I maintain my stance that the Ordinariate is a marvellous place to be if one is happy to cease being Anglican but retain something of the substance of what Anglicanism possesses. I do, however, not believe that the Roman Catholic Church is THE One True Church in its entirety. Only God can say what the One True Church is; only God can say who are truly priests; only God saves, though Salvation is indeed integral to the Church. There is no point, then for the Ordinariate bound, to attack Continuing Anglicans for not being true Catholics when they should realise that true Catholicism is the driving principle of the Continuum. Nor should they attack Continuing Anglicans for their "alphabet soup" existence, especially in the light of recent interdenominational ecumenism. The Ordinariate is younger than Continuing Anglicanism and its future not known, though I pray for its flourishing just as I pray for the flourishing of the Anglican Continuum, especially my own beloved diocese.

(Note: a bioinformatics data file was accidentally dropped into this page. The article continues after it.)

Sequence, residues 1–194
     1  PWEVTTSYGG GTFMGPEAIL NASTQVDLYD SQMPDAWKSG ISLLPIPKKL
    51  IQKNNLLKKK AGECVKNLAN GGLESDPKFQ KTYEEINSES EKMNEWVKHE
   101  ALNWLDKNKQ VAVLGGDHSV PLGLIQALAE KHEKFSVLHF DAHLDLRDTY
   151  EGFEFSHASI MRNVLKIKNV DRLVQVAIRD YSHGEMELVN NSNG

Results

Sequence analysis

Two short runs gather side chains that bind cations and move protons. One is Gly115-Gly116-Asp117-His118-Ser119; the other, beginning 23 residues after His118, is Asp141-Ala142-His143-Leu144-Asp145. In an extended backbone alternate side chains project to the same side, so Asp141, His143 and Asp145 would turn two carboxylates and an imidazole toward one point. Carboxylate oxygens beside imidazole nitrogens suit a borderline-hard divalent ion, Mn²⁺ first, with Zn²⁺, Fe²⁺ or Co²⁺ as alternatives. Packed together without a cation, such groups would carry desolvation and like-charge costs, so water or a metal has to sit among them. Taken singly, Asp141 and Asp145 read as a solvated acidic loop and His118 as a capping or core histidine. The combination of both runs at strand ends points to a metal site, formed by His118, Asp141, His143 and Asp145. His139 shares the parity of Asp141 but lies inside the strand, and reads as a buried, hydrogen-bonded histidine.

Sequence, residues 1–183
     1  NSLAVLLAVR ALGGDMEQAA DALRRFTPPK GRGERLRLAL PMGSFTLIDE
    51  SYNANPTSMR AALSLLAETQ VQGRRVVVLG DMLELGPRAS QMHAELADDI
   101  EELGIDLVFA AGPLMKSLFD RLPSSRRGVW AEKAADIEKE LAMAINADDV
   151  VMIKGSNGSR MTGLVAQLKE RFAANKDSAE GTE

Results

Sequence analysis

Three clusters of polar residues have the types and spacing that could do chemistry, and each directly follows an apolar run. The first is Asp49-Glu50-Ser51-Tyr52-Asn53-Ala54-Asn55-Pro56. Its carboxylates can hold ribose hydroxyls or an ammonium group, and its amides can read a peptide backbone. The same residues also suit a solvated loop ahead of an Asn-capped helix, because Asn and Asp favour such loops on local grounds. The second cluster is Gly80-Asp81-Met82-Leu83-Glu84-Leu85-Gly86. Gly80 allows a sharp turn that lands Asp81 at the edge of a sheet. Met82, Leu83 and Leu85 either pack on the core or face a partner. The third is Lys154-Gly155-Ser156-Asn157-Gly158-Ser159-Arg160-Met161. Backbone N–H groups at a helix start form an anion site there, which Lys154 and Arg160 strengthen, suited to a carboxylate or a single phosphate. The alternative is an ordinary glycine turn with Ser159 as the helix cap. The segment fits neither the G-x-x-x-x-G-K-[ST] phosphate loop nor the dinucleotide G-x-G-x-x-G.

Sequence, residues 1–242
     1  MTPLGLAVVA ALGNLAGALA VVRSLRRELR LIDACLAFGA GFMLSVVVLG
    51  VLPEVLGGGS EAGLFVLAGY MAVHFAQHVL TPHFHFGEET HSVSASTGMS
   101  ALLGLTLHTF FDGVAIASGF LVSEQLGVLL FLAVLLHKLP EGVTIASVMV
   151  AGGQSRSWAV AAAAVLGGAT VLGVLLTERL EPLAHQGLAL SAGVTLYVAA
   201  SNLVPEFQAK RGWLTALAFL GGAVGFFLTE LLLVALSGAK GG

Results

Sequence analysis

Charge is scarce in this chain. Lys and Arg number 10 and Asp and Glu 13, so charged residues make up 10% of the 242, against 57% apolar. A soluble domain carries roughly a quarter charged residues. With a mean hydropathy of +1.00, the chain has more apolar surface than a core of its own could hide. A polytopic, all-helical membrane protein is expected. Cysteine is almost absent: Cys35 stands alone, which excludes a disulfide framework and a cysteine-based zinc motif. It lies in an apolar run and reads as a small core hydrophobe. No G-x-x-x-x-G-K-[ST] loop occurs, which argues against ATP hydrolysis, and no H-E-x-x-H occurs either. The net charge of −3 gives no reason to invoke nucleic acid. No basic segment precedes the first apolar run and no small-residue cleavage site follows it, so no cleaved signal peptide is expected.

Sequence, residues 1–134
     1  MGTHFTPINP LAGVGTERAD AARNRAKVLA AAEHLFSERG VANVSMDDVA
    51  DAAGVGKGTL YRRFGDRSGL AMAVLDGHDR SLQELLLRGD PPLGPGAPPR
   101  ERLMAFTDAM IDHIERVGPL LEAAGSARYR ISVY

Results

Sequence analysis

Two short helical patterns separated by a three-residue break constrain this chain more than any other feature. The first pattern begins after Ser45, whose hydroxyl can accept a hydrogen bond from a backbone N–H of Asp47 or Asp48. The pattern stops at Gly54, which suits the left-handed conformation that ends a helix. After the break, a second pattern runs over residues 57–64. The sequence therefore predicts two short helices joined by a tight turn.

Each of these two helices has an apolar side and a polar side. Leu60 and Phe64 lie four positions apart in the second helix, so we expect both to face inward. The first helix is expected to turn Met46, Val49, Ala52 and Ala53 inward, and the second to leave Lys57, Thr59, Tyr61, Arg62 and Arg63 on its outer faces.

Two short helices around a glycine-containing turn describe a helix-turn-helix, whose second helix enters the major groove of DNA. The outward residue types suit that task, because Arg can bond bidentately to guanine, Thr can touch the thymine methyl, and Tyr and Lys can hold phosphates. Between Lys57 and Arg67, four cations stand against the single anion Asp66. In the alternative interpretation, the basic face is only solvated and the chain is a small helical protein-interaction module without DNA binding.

Yet likewise, Continuing Anglicanism should not be attacking the Ordinariate-bound who have managed to find some integrity with which they can live, considering that they too have had to sacrifice much in order to pursue Orthodoxy. There is much that those who dissent from the secularism of the CofE have in common, and it seems strange that such polemics exist. These polemics are still the vestiges of the battle lines between Anglo-Catholics, Prayerbook Catholics and Anglican Papalists. Yet, how on earth does one win souls by polemic? One doesn't. Polemics ultimately attempt to force the Body of Christ onto the bed of Procrustes, taking pleasure in lopping off the bits which don't fit.
There really needs to be a liberality between all folk who call themselves Anglican. So far we have sniping, trolling, litigation and expulsion as being the major participles resulting from the interactions between Anglicans.  I no longer have to fight my corner with the CofE. Having left them to ordain whomsoever they please and use whatever liturgies they choose with their concomitant theologies which are not always compatible, I find myself thinking more about housekeeping and evangelising.